Friday afternoon is the perfect time to take a trip. And if you think it takes forever to get to Tanglewood on the Mass Pike or through Connecticut on 84, you’ve got nothing on Voyager 1.
The small spacecraft is probably about the size of your car and it’s been traveling for a long time. A. Long. Time: 35 years and 10 days to be exact. And after covering roughly 11 billion miles, it’s about to do something no manmade object has ever done: break through the confines of our solar system into a place called the interstellar matter.
Nobody is 100 percent sure when that will happen. But it will be soon. In fact, it could be happening right now as you read this. So how will we know when we are there? There are only a handful of people on the planet who can tell us that. One of them is Boston University assistant professor of astronomy Merav Opher, who joined us to talk about Carl Sagan, what it means to "touch" the outer edge of the solar system and what Ella Fitzgerald and Mozart are doing on board the spaceship.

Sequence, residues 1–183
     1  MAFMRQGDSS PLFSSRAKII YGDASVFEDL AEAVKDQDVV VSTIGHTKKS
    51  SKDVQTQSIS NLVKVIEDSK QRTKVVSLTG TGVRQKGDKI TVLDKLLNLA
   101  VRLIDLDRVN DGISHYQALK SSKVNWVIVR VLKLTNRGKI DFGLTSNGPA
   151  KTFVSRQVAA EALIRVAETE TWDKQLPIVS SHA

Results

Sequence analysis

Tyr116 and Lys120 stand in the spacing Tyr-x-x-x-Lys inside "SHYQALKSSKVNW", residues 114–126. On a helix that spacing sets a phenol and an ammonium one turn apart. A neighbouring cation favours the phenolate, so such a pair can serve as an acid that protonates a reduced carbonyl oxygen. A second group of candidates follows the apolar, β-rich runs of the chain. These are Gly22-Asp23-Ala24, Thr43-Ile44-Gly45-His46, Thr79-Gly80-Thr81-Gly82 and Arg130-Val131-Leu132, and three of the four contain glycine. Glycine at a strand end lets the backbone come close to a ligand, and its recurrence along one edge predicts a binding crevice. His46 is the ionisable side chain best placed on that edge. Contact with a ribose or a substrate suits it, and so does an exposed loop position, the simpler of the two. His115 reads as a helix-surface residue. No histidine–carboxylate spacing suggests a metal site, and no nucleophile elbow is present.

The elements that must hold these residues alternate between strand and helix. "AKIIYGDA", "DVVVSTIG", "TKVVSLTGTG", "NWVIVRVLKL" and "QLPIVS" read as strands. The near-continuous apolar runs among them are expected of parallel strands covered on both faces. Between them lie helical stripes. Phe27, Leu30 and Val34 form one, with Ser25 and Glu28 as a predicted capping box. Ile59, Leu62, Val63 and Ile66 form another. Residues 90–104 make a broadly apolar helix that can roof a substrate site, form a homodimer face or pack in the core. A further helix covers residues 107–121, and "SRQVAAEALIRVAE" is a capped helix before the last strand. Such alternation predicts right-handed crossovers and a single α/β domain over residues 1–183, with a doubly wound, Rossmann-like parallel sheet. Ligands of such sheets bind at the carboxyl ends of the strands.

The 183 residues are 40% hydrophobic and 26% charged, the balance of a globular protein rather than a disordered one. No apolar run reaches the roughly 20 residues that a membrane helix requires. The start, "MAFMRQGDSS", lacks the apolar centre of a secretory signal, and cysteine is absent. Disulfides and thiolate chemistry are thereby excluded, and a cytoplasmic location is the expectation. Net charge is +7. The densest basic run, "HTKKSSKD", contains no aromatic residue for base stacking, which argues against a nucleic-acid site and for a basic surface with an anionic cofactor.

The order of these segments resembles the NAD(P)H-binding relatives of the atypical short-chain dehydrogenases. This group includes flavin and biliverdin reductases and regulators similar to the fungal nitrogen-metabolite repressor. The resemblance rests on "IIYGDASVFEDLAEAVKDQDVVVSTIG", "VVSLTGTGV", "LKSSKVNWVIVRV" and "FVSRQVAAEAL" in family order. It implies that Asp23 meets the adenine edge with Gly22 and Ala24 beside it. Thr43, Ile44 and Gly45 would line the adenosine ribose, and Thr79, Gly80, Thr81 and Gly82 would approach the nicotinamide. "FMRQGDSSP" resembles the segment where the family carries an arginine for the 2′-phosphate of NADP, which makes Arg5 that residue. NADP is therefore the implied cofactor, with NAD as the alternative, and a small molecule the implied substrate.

Merav Opher, assistant professor of astronomy at Boston University, Voyager team scientist
It's worth noting that on board both Voyager spacecraft are copies of what NASA calls the "Golden Record." Each phonograph record (they are actually made of gold) contains sounds and images selected to portray the diversity of life and culture on Earth, and are intended for any intelligent extraterrestrial life form, or for future humans, who may find them. On the back is an etching that includes instructions on how to play the record. Here is what renowned astronomer Carl Sagan, who was the man behind the Golden Record, had to say about it: "The spacecraft will be encountered and the record played only if there are advanced space-faring civilizations in interstellar space. But the launching of this 'bottle' into the cosmic 'ocean' says something very hopeful about life on this planet."
Here are some highlights: